British outfit Droplet Computing thinks it’s found a new way to package and publish applications, by bundling them up to run using WebAssembly so they can run in a browser, online or offline.
WebAssembly is a low-level safe binary format designed to allow C/C++ code to run in web browsers. Droplet’s eyed off WebAssembly since before it was baked into Edge, Chrome, Firefox and Safari. The technology is a W3C standard, emerged from Apple and promises a secure sandbox running inside a browser.
Droplet wouldn’t tell The Register exactly how it’s able to bundle common desktop apps to use WebAssembly, but told us it can create paravirtualized containers that encompass an app, its OS, hardware emulation and whatever else is needed to get it running in a browser.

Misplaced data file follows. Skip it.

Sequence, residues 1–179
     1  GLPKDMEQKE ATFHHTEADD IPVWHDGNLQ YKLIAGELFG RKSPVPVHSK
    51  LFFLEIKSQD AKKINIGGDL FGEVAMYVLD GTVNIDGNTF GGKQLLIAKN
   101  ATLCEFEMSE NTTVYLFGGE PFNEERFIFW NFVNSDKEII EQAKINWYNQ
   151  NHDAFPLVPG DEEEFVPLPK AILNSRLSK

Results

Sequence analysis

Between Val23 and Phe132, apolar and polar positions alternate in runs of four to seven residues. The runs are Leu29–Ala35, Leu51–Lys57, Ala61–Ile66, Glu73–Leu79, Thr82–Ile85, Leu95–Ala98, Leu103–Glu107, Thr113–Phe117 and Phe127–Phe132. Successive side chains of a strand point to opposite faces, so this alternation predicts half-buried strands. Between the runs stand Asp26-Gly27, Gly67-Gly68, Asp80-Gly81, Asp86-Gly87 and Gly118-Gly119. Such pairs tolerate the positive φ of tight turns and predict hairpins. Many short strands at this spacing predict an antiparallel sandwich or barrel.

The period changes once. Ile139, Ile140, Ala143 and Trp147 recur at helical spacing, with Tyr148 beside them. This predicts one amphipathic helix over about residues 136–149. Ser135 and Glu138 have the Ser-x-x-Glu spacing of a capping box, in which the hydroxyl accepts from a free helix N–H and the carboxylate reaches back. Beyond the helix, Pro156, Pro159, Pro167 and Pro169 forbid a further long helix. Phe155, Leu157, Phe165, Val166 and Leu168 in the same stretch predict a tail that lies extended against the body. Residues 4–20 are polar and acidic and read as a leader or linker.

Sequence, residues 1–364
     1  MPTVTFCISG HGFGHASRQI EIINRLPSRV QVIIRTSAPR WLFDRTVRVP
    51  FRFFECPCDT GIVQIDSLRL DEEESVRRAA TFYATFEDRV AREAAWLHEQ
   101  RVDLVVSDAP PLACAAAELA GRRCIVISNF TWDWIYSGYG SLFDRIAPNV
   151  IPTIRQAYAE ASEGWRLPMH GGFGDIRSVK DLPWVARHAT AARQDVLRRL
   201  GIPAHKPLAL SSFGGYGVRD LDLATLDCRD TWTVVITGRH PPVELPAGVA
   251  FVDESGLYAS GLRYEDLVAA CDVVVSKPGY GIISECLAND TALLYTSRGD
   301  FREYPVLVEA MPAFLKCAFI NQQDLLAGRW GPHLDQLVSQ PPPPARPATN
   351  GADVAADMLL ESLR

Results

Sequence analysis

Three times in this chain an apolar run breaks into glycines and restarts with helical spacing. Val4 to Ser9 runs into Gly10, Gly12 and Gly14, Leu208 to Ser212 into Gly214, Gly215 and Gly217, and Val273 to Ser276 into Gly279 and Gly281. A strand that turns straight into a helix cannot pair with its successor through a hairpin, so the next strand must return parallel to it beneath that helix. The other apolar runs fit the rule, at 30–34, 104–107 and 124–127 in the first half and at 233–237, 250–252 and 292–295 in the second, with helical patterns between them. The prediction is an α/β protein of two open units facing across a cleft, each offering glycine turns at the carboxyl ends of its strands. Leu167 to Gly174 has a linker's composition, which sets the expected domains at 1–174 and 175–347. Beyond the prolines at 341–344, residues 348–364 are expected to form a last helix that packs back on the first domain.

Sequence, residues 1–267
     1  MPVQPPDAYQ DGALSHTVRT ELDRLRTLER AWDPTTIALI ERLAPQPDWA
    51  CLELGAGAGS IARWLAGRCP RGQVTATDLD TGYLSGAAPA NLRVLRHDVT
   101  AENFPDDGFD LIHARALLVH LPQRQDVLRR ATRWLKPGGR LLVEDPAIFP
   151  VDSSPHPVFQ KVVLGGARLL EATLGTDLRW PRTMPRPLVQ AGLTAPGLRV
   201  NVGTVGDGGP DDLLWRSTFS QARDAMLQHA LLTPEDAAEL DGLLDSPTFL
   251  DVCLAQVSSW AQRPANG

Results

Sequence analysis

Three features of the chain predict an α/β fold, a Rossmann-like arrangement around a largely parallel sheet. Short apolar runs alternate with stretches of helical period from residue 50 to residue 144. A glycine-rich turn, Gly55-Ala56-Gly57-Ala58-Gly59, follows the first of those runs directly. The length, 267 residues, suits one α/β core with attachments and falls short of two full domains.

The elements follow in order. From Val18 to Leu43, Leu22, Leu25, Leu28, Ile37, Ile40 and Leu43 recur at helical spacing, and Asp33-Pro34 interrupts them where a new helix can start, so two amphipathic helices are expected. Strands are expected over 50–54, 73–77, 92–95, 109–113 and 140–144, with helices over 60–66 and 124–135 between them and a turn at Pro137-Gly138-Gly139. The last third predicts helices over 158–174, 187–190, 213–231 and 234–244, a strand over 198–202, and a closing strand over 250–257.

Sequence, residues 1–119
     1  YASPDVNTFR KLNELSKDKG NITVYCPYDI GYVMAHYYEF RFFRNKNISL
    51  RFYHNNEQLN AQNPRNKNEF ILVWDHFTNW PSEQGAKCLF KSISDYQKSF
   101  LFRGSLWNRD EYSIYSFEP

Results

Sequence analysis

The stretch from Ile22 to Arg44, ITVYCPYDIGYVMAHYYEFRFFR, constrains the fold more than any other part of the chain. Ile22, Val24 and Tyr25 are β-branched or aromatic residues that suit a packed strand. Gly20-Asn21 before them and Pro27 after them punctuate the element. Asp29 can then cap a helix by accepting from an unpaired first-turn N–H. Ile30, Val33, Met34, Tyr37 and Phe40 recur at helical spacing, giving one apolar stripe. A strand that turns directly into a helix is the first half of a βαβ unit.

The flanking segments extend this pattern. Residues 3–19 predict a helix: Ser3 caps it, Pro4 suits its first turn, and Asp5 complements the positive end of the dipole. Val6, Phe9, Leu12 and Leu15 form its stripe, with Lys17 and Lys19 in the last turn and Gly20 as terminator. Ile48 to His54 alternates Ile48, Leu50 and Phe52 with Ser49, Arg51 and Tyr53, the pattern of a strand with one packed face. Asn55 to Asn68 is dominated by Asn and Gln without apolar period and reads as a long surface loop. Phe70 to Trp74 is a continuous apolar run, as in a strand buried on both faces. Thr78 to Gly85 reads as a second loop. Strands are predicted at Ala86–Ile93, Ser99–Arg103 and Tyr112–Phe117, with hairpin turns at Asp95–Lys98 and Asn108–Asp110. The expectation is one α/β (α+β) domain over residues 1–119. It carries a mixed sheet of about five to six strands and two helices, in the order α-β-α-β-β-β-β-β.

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The company told us it allows organisations to create a fleet of “Droplets” and integrate with an LDAP directory to ensure that users only access the ones they’re allowed to have.
Once installed, the app runs in a Tab and persists even if a device goes offline. Clearing a browser’s cache will snuff the app, but as Droplet’s back end is a web server re-installation won’t be onerous for client or server.
Droplet plans to build “recipes” that allow organisations to prepare apps for its containers. For now those recipes will concentrate on popular desktop apps. The company has also hatched plans to sell Droplets to individuals and is awake to the potential for servers to run in browsers too.
Other application packaging and publishing tools often rely on proprietary clients, complex approaches like application factoring and require dedicated server tools. If WebAssembly delivers its promised near-native speed for apps, Droplet might have a shot at shaking things up a little. ®